Soon after striking out on his own as a retail pharmacist, Earl L. “Buddy” Carter found himself back in the driver’s seat.

This time he wasn’t delivering prescriptions, which had been his introduction to pharmacy work years prior.

Instead, Carter was making the rounds with a new clientele in Southern Georgia: the nearly two dozen nursing homes, hospice facilities and personal care communities where he served as a consultant pharmacist.

Decades later, Rep. Carter’s (R-GA) constituency is even more widespread: his congressional district covers a large swath of southeastern Georgia.

The second-term Republican has found similarities between serving the public and the customers who once relied on his pharmacy services.

“You need to surround yourself with good people in retail,” Carter said. “It’s the same here. And interacting with constituents is a lot like working with your customers. You’ve got to listen to your constituents.”

Carter, 60, sold his businesses after he won his Congressional seat. His wife, Amy, owns the remaining location in Pooler, GA. That’s the town where Carter grew up and first got involved with local politics, as mayor and eventually state legislator before running for federal office.

In those days, remembers longtime friend Bob Warnock, Mayor Carter might have dealt with squabbling chickens and noise violations.

Today, he’s battling for healthcare and national tax reform with the same plain-spoken, “reasonable” management style, says Warnock, senior vice president of pharmacy services for PruittHealth. Warnock initially hired Carter to serve coastal clients and expanded from there.

Carter, still a licensed pharmacist, serves on the House Subcommittee on Health and the GOP Doctors Caucus and co-chairs the House Community Pharmacy Caucus, which shapes prescription drug and opioid policy. He can be an outspoken health policy commenter.

When the Senate failed to pass repeal legislation in July, Carter drew widespread attention for telling MSNBC “somebody needs to go over there to that Senate and snatch a knot in their ass.”

He later explained the term meant to “get your act together,” a Southern colloquialism his mother often used.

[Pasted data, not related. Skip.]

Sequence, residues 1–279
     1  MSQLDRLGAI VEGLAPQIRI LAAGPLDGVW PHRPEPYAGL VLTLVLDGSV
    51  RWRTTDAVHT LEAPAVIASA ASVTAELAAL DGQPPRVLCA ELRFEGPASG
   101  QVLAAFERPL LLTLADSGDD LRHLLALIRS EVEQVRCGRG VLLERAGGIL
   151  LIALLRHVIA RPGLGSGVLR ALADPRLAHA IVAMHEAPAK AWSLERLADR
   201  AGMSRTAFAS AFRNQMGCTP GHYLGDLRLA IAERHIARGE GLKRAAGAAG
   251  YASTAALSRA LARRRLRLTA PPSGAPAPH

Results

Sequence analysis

Warnock said his friend is plain-spoken, confident in his ability to make tough choices and sometimes frustrated with the pace of doing business in politics. 

“He listens to people, and then he goes out and tries to do the right thing,” Warnock says. “Sometimes, that puts him in a tough spot with the media or his party.”

When Carter’s not working on policy, the father of three and grandfather of three is likely playing golf with one of his sons or watching University of Georgia Bulldogs sporting events.

Carter once dreamed of playing football professionally, but when he went unrecruited as a defensive back out of Groves High School near his home in Port Wentworth, his father convinced him to focus on a career.

That’s when he began delivering prescriptions to homebound patients. He says those kinds of connections give pharmacists special insights — one reason he has voted for provider status that could expand pharmacists’ role in patient care.

“We know the community well, and we know their needs,” he said.



Married high school sweetheart Amy


Earned bachelor’s degree in pharmacy from University of Georgia


Opened first of three Carter’s Pharmacy locations


Served as mayor of Pooler, GA


Worked as consultant pharmacist for Omnicare


Elected to Georgia House of Representatives


Elected to Georgia Senate


Elected to Congress


Transferred remaining Carter’s pharmacy ownership to his wife